Planning A Wedding In A Pandemic
There will be many words that those who have lived through the year that is 2020 will never want to hear again. ‘Covid’, ‘Lockdown’, ‘Corona’ and for many couples and those in the wedding industry ‘Postpone’ and ‘Cancel’ can be added to the list.
Within the tsunami this pandemic has been, couples who had weddings planned for 2020 and early 2021 have been swept up in the wave. Wedding plans have been canceled, postponed, changed and adapted. Considerations such as guest number allowances, interstate and overseas guests being able to attend and the general feel and running of the day are large concerns that couples have had to consider.
We sat down with Melbourne bride Hannah Judd, to find out about her and Paul’s experience of planning a wedding in a pandemic.
Tell us about your initial plans for your wedding day?
Paul proposed to me In June this year. It was right at the time the first ‘Covid wave’ in Melbourne had eased and we thought we had experienced the worst of what 2020 could bring. We initially planned our wedding for Jan 8, 2021. Naively assuming that would be plenty of time for things to settle and things to open up again. We booked the perfect venue, Coombe Yarra Valley. We invited our bridal parties to be a part of our special day, and started to celebrate with close friends in small gatherings that were allowed with government guidelines at the time. The dream was really coming to life!
How has Covid affected those plans?
About one week after we got engaged, the second wave hit Victoria and we went into stage 4 lockdown. What was supposed to be six weeks, turned into multiple months. Not being able to go further than 5km from home and wearing a mask every time we step out the front door, are things we will not soon forget. It was a hard time for our whole state.
When the announcement was made that we were going back into lockdown I called my boss and asked for the day off so I could go and find a wedding dress. Knowing that if I didn’t find a dress that day, I wouldn’t be able to get one in time. My parents live in another state, so it also meant that my mum couldn’t come dress shopping with me. Thank the Lord for FaceTime and an incredible Mother in-law to come shopping with me.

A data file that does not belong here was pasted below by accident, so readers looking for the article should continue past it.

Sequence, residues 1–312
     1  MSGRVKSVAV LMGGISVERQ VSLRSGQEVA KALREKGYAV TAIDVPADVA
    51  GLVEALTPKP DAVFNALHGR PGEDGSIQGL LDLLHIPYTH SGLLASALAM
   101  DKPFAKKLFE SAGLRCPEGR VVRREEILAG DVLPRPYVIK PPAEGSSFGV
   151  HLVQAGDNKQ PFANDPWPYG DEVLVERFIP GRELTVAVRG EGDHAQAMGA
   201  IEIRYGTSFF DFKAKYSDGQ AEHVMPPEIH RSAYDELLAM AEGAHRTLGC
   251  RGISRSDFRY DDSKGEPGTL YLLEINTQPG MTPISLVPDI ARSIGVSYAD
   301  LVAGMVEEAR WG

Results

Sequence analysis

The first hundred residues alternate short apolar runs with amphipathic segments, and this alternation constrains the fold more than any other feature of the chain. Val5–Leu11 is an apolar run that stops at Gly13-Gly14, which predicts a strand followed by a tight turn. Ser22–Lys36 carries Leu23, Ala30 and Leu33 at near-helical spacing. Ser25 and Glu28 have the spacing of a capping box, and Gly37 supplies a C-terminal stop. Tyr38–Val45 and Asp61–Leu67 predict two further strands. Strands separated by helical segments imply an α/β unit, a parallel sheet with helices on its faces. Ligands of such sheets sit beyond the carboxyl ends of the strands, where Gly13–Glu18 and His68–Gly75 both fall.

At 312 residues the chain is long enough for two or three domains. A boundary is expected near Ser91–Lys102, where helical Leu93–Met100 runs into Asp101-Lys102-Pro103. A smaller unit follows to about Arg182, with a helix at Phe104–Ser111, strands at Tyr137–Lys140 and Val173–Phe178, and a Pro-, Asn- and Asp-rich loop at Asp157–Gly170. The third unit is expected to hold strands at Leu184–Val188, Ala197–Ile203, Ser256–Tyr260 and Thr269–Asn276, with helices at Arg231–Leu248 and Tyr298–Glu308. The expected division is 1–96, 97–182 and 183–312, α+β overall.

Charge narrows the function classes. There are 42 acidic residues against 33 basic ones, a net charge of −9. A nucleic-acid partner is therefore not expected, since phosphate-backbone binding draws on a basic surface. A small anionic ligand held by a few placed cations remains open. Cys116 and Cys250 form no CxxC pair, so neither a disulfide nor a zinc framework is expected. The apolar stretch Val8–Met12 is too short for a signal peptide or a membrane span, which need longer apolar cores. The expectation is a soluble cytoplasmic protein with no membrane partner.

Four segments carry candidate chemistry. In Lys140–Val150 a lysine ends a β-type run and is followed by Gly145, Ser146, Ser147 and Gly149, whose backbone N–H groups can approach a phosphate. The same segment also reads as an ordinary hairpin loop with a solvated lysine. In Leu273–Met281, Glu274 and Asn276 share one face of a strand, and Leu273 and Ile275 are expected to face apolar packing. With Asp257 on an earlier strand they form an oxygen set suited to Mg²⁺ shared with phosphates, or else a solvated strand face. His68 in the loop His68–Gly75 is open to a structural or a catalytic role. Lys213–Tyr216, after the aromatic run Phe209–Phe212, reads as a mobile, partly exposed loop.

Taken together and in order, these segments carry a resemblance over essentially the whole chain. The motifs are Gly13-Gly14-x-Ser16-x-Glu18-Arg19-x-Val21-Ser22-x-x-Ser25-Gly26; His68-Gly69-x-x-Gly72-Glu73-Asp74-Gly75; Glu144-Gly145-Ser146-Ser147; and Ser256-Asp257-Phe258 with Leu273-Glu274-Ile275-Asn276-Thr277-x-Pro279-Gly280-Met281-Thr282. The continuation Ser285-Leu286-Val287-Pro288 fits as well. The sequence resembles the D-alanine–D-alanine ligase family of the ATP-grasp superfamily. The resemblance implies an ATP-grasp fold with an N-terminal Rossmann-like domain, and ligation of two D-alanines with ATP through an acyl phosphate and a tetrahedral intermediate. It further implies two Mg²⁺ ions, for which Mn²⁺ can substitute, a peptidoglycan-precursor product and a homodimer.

We played the waiting game as long as we could before we made the decision to change our date but aside from my parents living in another state, we also had siblings, grandparents and close friends who would be coming from NZ, NSW, QLD, TAS, SA & WA.. Basically, every border needed to be open in time! In the end we decided that the stress in the lead up to our wedding wasn’t worth it, especially when we had absolutely no idea if we would get to a week before our date to find out borders still aren’t open and end up with a wedding that’s missing our nearest and dearest. Not to mention the potential of no dance floor, social distancing and face masks still likely to be our reality. Back & forth we went looking at every option and possibility and finally we decided to look at Eloping and then having our big wedding on our first anniversary the following year.
What was the hardest thing about the whole process?
If I’m honest, almost all of it was hard. Giving up the dream and trying to plan when nothing is certain or known. As I mentioned earlier, most of my family don’t live in Melbourne so we were really feeling the distance. We celebrated with only a few friends before going into lockdown. It felt like what was supposed to be one of the happiest times of our lives became one of the most challenging. Even the week of our Elopement was all up in the air. We had a small venue, then restrictions were extended so we lost it, then 24 hours later the announcement of restrictions changing meant we could have the venue back. Only to see the updates on DHHS website another 24 hours later to see they had added some more fine detail which meant we lost the venue again. This was Tuesday and we we’re getting married that Friday.